This article refers to this ongoing process of calculating same-sex dating goals through data gaming on Blued as algorithmic sociality

Drawing on the author’s own experiences during three years of using Blued, together with interview data of ordinary users and live streamers in Beijing and Shanghai, this article explores users’ use of algorithms as ritual tools, an angle that has been largely absent from recent discussions on algorithms. The first section discusses data, algorithms, and sociality in gay dating apps. The second section examines the ways that dating goals are algorithmically gamed on Blued browsing. The third section shifts to the analysis of Blued live streaming to investigate how the yanzhi algorithm is used to calculate dating preferences by both live streamers and viewers. In so doing, on the one hand, this article shifts away from the perception of algorithms being merely technical codes whose operation is black-boxed, secreted, and engineer-privatized, proposing instead that algorithms should be approached as users’ ritual tools. On the other hand, it facilitates understandings of algorithmic sociality and their implications for sexuality.

Algorithmic sociality

While algorithms have been primarily understood in a technical sense, critical scholars have proposed approaching algorithms politically, socially, and culturally (Beer, 2017 ; Gillespie, 2016a ; Kitchin, 2017 ; Neyland, 2015 ; Ziewitz, 2016 ). From a social scientific point of view, algorithms exist not only in codes but also in the social consciousness as part of a knowledge apparatus (Beer, 2017 ; Gillespie, 2014 ). Thus, algorithms should be examined within their discursive practices and framings as sensitizing devices rather than mere computational artifacts (Beer, 2017 ; Ziewitz, 2016 ).

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Before an algorithm can function meaningfully, it has to be paired with a given database (Gillespie, 2014 ). After all, algorithms are a result of translating items, actions, and processes into calculable and malleable units or data points (Willson, 2017 ). In the case video phone sex chat room of dating apps, there are two channels (user profiles and user activity) for building a database (Albury, Burgess, Light, Race, Wilken, 2017 ). In the sign-up process, users are formalized into a few fixed data sets epitomized by a standard profile template including a headshot, age, height, weight, and so forth. User activity can also be rendered into calculable models in the interface design, breaking down their dating preferences into specific categories. For example, Blued browsing indexes user personalities according to 12 tags and divides gay live streamers into 4 categories, including ‘new stars’, ‘muscular’, ‘bears’, 4 and ‘groups’. In this way, users and their activities are tweaked into fixed data standards, protocols, and formats to be compatible with the calculative system upon which the algorithms act (Bucher, 2012b ; Neyland, 2015 ; Totaro Ninno, 2014 ).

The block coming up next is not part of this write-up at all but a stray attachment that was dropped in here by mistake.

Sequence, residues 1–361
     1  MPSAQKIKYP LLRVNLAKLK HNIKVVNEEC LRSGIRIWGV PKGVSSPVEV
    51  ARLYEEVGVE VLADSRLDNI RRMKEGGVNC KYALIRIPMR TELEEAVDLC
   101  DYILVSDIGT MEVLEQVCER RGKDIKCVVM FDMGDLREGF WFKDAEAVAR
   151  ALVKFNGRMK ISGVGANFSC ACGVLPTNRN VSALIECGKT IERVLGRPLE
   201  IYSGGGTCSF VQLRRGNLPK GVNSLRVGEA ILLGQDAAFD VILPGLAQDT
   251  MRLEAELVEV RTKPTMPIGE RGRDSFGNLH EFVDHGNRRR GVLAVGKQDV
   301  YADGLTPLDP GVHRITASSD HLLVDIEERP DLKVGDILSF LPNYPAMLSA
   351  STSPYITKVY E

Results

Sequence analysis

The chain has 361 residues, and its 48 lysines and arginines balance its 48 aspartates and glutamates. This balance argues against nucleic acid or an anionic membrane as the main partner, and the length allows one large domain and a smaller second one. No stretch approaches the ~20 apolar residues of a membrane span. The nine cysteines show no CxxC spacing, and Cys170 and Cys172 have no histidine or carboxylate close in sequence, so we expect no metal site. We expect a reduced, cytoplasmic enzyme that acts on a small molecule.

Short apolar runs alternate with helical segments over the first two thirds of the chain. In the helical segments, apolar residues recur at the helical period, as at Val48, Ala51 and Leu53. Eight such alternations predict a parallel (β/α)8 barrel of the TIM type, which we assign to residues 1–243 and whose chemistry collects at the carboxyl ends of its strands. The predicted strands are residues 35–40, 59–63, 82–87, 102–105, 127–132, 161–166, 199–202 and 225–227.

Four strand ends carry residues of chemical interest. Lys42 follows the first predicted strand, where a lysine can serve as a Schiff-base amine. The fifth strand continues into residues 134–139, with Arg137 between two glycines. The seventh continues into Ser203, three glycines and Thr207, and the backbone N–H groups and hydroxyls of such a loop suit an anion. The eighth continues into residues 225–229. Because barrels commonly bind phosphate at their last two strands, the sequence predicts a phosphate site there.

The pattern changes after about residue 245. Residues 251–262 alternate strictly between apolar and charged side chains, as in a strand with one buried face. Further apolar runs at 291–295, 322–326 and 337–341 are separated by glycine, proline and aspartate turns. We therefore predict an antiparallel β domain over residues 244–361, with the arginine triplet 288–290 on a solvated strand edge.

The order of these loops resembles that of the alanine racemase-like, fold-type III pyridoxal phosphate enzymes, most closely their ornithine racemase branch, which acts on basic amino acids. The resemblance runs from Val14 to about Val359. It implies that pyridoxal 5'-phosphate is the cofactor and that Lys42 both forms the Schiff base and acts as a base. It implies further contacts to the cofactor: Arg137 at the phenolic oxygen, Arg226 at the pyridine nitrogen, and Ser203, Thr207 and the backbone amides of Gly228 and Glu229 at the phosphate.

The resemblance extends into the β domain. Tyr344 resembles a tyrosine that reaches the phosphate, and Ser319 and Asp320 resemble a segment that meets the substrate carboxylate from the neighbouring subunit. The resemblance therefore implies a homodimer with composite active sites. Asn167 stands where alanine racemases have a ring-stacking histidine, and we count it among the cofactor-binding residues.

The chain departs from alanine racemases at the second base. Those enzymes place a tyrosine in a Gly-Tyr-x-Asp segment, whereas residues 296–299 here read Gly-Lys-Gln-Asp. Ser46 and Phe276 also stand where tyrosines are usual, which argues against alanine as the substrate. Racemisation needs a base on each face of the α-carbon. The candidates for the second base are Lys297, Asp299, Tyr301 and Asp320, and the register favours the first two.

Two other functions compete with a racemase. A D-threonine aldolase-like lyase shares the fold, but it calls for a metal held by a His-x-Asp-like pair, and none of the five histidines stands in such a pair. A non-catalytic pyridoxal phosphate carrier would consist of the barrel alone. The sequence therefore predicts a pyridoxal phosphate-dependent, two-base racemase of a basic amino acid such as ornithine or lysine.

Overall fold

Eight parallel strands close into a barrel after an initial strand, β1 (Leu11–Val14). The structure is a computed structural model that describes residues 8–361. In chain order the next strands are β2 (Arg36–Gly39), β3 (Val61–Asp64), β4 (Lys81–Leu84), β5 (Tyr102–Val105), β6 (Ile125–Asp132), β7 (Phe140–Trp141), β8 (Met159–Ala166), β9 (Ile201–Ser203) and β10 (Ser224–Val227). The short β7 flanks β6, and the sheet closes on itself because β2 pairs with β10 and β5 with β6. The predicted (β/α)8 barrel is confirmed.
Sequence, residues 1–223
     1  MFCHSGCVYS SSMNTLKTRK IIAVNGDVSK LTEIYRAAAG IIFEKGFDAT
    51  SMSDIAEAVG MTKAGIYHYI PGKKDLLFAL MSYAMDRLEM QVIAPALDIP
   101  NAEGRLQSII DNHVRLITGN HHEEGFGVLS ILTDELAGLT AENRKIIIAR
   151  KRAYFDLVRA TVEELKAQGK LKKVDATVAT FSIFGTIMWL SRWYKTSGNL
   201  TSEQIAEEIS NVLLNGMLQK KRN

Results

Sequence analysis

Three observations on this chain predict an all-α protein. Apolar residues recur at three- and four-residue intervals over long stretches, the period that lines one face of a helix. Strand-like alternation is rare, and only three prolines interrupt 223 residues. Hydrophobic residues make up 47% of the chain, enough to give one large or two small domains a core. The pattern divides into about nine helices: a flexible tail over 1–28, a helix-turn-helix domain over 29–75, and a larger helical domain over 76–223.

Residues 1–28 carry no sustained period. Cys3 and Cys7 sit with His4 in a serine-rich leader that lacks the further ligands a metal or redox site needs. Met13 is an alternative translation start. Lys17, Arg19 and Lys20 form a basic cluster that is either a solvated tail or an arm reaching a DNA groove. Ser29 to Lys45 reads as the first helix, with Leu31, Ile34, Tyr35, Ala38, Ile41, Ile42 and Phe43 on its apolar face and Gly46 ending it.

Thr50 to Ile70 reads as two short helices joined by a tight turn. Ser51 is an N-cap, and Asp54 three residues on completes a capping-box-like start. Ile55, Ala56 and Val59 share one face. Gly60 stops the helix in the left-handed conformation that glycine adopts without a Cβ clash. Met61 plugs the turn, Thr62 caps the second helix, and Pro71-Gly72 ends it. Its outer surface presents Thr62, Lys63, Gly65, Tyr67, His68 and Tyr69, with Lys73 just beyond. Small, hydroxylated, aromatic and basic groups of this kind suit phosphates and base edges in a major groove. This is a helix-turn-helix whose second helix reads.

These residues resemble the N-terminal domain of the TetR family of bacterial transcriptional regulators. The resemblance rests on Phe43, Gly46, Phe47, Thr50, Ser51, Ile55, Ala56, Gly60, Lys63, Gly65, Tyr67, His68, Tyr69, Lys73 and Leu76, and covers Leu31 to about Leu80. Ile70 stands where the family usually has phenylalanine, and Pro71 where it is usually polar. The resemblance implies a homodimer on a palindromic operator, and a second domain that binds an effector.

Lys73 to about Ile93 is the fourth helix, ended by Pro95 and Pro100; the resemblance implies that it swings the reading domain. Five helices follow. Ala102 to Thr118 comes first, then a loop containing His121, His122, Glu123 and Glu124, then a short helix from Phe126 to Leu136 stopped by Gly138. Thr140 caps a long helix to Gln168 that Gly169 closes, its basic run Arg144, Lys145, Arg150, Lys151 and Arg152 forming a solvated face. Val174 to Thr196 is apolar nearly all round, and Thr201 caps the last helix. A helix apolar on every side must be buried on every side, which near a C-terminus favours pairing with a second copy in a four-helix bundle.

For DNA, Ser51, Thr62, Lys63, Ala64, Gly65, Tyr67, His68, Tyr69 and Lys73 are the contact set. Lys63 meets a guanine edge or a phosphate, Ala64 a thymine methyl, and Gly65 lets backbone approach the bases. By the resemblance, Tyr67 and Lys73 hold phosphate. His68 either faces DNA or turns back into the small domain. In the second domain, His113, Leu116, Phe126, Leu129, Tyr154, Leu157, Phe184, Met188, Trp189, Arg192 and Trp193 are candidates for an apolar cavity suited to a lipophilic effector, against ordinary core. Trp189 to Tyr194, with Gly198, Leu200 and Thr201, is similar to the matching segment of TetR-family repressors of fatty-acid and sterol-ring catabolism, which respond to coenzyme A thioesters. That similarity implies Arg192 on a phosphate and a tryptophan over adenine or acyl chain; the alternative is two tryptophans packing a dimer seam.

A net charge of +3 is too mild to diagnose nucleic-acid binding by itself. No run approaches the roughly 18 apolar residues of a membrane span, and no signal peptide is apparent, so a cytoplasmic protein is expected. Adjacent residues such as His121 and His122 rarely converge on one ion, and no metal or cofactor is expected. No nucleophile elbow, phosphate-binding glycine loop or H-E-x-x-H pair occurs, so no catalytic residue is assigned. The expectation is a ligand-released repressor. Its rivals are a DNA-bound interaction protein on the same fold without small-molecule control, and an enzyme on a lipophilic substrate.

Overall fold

However, the algorithms currently studied tend to portray users as passive audiences in their diverse forms of searching and matching, trending, recommendations, and newsfeeds (Bucher, 2012a , 2017 ; Gillespie, 2016b ; Striphas, 2015 ). However, studies on dating apps have found that users are in fact familiar with the data structures and sociotechnical operations of the apps and thereby can actively act on the data to shape the algorithmic results (Albury et al., 2017 ; David Cambre, 2016 ). For example, on Tinder, the number of profiles users are allowed to swipe for free is limited and a period of waiting is enforced before the next swipe. However, by changing the settings of sexual preferences, new profiles become available immediately (David Cambre, 2016 ). This is also a focus of this article – how users utilize the data they provide to dating apps, be it information about their physical body or visual images on the screen, to game and play with their algorithmic formations to shape their outcomes.